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What is the (or one of the) endpoint(s) evaluated? (Each endpoint listed separately) Irritability
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List additional health endpoints (separately).
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List additional health endpoints (separately)
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Notes
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Clinical Clinical
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Physiological Physiological
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Other
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What is the study design? Controlled Trial
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Randomized or Non-Randomized? NCT
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What were the diagnostics or methods used to measure the outcome? Subjective
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Optional: Name of Method or short description Unspecified questionnaire
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Caffeine (general) Caffeine (general)
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Coffee
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Chocolate
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Energy drinks
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Gum
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Medicine/Supplement
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Soda
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Tea
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Measured Measured
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Self-report
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Children
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Adolescents Adolescents
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Adults
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Pregnant Women
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What was the reference, comparison, or control group(s)? (e.g. high vs low consumption, number of cups, etc.) Individuals served as their own controls. They were given noncaffeinated or caffeinated soda for 1 week, followed by a week of the beverage not consumed in the week prior.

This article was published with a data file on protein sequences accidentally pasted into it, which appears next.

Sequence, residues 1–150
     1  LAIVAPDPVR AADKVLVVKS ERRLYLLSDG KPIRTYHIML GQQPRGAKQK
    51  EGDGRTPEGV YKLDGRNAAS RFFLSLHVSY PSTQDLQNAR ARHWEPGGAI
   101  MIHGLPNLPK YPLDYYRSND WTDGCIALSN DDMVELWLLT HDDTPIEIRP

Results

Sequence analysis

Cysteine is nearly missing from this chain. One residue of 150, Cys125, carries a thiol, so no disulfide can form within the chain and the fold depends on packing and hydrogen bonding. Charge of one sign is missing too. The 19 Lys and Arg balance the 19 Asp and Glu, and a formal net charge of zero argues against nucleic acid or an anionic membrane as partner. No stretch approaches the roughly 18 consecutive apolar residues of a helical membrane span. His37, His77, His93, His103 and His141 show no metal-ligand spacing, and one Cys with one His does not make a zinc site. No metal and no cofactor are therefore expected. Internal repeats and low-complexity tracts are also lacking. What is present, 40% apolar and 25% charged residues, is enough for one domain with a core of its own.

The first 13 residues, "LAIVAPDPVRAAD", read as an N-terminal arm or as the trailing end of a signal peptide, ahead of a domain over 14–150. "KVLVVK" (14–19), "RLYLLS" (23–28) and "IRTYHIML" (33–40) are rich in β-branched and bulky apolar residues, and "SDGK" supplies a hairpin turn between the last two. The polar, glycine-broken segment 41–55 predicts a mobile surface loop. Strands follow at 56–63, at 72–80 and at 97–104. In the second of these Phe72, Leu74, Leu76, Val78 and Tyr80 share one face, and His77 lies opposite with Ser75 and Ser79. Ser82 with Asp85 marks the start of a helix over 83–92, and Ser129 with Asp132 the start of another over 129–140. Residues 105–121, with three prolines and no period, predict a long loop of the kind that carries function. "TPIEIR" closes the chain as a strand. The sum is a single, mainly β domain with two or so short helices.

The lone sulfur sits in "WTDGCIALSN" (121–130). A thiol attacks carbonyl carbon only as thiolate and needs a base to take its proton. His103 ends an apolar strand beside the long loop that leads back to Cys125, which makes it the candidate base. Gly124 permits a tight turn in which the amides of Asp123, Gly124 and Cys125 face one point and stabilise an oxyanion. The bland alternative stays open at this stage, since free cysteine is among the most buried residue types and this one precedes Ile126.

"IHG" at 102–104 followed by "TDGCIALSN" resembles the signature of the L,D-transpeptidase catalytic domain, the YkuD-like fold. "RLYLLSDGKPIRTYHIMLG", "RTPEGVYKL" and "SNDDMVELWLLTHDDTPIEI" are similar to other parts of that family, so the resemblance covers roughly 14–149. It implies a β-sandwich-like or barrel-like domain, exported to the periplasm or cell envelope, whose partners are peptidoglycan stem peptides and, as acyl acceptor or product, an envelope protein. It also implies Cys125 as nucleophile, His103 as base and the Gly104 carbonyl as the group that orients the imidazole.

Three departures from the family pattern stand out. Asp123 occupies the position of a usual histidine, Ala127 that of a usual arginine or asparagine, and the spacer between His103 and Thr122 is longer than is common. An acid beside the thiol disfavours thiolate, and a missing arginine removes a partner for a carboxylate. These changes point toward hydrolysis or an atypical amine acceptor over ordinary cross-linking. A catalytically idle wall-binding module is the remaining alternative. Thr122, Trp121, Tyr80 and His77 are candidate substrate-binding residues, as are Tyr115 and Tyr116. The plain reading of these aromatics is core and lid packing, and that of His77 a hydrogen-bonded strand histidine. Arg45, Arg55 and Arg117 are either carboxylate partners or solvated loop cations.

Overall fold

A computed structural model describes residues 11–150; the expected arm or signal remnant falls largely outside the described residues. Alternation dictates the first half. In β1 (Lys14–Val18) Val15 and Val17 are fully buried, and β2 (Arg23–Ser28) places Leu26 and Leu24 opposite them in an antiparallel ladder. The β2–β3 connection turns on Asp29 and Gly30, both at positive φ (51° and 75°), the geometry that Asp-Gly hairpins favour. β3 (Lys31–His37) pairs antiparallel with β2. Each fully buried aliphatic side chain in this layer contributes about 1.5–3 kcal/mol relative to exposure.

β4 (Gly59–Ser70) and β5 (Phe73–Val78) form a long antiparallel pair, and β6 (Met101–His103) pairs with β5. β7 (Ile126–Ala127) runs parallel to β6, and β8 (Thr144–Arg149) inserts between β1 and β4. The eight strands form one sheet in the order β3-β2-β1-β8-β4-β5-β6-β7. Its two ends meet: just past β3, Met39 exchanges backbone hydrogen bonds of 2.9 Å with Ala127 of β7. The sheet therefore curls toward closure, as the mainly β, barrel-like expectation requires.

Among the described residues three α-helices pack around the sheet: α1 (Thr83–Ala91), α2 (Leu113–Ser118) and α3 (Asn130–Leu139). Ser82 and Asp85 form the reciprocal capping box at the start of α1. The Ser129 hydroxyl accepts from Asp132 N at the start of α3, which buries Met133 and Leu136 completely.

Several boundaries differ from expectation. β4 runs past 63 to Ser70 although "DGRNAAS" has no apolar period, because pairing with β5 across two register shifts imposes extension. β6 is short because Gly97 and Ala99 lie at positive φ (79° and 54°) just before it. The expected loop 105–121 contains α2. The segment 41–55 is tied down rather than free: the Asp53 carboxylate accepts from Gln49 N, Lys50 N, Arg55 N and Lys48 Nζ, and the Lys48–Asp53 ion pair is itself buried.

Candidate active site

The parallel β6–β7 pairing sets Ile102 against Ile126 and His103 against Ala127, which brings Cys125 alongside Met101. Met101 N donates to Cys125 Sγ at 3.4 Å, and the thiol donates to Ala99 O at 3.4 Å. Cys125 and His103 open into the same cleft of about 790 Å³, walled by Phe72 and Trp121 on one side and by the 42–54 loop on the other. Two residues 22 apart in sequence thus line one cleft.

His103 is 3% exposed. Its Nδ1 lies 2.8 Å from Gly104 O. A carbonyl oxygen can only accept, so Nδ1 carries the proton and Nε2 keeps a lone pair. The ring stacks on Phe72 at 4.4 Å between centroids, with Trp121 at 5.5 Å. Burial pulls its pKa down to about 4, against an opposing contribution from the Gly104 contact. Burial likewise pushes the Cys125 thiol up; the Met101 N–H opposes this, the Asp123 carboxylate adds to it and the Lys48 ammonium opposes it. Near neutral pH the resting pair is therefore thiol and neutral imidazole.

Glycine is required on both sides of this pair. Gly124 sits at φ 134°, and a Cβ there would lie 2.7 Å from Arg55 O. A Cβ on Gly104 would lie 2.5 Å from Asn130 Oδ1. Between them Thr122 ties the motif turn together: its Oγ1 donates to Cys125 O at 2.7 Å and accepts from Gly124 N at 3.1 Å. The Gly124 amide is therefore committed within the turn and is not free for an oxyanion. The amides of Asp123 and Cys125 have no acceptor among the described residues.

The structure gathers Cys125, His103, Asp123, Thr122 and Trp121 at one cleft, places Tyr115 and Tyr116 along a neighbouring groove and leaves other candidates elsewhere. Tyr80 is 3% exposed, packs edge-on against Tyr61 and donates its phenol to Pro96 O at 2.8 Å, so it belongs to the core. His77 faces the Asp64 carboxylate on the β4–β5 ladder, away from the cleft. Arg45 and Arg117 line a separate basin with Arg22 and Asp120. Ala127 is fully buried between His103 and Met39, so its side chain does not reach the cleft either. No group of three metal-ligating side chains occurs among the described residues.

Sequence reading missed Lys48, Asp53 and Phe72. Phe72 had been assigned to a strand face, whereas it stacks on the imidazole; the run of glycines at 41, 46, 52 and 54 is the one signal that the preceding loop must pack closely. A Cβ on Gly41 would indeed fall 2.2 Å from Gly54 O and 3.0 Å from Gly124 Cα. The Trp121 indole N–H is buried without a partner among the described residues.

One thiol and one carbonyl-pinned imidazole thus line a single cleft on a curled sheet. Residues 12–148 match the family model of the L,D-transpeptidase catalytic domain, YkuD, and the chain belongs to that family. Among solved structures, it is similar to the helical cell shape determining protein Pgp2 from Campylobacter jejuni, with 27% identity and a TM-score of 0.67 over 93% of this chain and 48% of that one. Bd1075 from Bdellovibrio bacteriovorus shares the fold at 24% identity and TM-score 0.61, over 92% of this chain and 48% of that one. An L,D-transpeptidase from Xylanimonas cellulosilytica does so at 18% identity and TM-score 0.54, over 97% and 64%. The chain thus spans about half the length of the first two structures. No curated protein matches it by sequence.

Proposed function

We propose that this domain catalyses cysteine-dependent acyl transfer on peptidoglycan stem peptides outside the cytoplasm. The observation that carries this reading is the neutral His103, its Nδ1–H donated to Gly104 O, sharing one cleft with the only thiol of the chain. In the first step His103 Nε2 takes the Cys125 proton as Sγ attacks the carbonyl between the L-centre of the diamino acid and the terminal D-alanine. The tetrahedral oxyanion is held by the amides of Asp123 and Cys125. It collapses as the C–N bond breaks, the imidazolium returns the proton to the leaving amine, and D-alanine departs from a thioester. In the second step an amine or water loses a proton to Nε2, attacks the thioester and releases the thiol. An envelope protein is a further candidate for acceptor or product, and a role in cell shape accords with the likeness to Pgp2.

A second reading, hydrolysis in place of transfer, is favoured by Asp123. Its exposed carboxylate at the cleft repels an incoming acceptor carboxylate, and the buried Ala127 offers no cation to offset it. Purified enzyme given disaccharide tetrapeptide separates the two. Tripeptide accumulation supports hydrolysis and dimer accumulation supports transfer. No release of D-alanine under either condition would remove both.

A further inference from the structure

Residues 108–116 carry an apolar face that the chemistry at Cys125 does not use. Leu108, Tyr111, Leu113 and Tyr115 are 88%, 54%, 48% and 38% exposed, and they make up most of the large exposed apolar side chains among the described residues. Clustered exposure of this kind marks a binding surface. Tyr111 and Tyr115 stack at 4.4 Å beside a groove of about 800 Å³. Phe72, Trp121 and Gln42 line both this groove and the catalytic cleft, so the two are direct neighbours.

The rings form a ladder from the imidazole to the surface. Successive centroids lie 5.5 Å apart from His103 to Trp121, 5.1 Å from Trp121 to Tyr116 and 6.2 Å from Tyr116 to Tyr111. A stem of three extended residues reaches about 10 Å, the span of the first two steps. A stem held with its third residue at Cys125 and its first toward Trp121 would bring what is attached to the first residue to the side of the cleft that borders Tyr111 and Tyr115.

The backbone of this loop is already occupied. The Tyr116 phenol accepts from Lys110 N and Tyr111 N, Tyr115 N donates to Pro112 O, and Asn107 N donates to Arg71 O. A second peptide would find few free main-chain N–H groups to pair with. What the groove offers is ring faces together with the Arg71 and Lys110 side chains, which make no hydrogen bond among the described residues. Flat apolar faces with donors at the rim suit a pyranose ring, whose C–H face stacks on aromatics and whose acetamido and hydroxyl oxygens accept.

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What were the listed confounders or modifying factors as stated by the authors? (e.g. multi-variable components of models.  Copy from methods) None reported
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Provide a general description of results (as reported by the authors). There was a significant main effect of sex on ratings of irritability (P<0.05), with females reporting higher irritability than males (3.0±0.6 vs. 2.5±0.5). There was a significant main effect of phase on hunger (P<0.02) with higher reports of hunger during the week of placebo (4.65±0.5) than the week of caffeine (4.09±0.4). There was a significant main effect of caffeine use group on ratings of headache (P<0.05), stomachache (P<0.01), dizziness (P<0.05), muscle twitch (P<0.05), and tremor (P<0.05) with all measures reported to be greater by high-caffeine users compared with low-caffeine users.
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Did the authors perform a dose-response analysis (or trend/related analysis)? No
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What were the authors's observations re: trend analysis?